Bigirimana to Donors: Use Evidence-based Interventions to Combat Violence Against Children

The Permanent Secretary Ministry of Gender, Labour and Social Development, Pius Bigirimana, has called upon development partners to rise up and fight violence against children.

The workshop that took place at Munyonyo saw dignitaries from over 21 countries in America, Europe,  Africa and UN agencies meet to forge a way forward on combating violence against children.

While giving a keynote address, Bigirimana cautioned that, “If this violence is not checked, then we are going to have children who will grow into irresponsible citizens.”

The Permanent Secretary also cited that child violence is still prevailing in most countries because of lack of focus on evidence based interventions.

He noted that policy intervention by partner states should clearly be designated and designed to show evidence for what they are doing

“There are many actors like the NGOs in preventing violence against children, which is actually a good thing,” said Bigirimana.

“However, not many of these interventions have been proven to work. In order for us to optimize the limited resources, let’s ensure that policy being implemented, regardless of the funder is actually evidence-based,” he added.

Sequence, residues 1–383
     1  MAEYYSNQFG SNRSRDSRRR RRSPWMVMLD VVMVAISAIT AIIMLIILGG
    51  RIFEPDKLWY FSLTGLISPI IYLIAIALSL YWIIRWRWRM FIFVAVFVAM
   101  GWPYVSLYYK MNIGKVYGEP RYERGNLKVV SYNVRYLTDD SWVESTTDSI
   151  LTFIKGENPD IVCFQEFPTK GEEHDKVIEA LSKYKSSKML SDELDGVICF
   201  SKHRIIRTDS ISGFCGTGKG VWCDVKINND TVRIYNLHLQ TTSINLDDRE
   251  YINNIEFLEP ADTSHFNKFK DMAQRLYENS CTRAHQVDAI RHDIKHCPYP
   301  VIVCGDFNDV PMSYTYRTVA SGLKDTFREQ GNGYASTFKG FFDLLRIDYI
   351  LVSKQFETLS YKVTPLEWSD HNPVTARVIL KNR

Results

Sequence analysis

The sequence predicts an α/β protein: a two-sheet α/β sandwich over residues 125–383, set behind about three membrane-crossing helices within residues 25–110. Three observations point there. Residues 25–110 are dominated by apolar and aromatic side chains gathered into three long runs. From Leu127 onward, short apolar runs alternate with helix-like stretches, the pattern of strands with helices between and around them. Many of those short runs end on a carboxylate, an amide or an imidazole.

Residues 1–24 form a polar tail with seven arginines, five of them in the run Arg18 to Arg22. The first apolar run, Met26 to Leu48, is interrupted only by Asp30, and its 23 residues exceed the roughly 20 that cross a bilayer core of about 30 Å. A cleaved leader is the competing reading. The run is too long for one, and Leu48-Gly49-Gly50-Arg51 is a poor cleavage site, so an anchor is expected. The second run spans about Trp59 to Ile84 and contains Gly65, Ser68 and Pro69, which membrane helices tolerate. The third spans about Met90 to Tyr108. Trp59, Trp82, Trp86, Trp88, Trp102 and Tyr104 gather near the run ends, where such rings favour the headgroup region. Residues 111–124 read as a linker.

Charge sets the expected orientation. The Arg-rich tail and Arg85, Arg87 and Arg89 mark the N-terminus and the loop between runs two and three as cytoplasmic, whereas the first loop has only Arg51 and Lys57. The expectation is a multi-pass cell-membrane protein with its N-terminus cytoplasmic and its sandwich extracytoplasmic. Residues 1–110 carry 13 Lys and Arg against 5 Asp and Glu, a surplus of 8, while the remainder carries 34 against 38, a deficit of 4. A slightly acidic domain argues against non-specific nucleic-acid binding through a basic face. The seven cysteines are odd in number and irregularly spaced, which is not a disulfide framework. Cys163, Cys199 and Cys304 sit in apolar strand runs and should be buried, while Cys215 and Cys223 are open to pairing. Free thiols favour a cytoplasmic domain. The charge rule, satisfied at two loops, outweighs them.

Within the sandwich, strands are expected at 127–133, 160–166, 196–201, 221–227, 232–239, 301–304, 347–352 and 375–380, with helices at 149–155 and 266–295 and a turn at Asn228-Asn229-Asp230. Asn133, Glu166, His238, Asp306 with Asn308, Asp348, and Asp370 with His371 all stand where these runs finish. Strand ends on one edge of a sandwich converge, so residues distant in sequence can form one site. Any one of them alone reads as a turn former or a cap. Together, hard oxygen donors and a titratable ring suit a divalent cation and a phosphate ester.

According to Uganda’s first ever Violence Against Children Survey, 3 in 4 young adults experienced some form of violence during childhood


The survey released in 2018 also indicated that 1 in 3 young adults experienced at least two forms of violence – of either sexual, physical and emotional violence – during childhood

And half of all 18-24 year old Ugandans believe it is acceptable for a man to beat his wife.

The survey further highlighted that violence against children occurs at all levels of Ugandan society – in homes, schools and communities, among other places – with survivors suffering negative physical, mental, social and cognitive consequences.

Researchers say children who experience violence are more likely to become perpetrators of violence against children themselves in the future, fueling an inter-generational cycle of violence in the decades to come.

Bigirimana said Uganda “cannot continue to just implementing interventions because the fund is there; we must be accountable for results.”

He also emphasized the need to have a strong coordination between the government and the partner states.

“The Government has streamlined coordination mechanisms and the civil society organizations must therefore, through the approved coordination government structures, follow it. Scattering interventions makes us lose evidence of systematic alignment.”

He noted that the ministry will continue to peruse ways of directing increased government funding towards ending violence against children.

“While we continue to depend significantly on the financial support from development partners, let the funds be aligned to the sector investment plan,” he emphasised.

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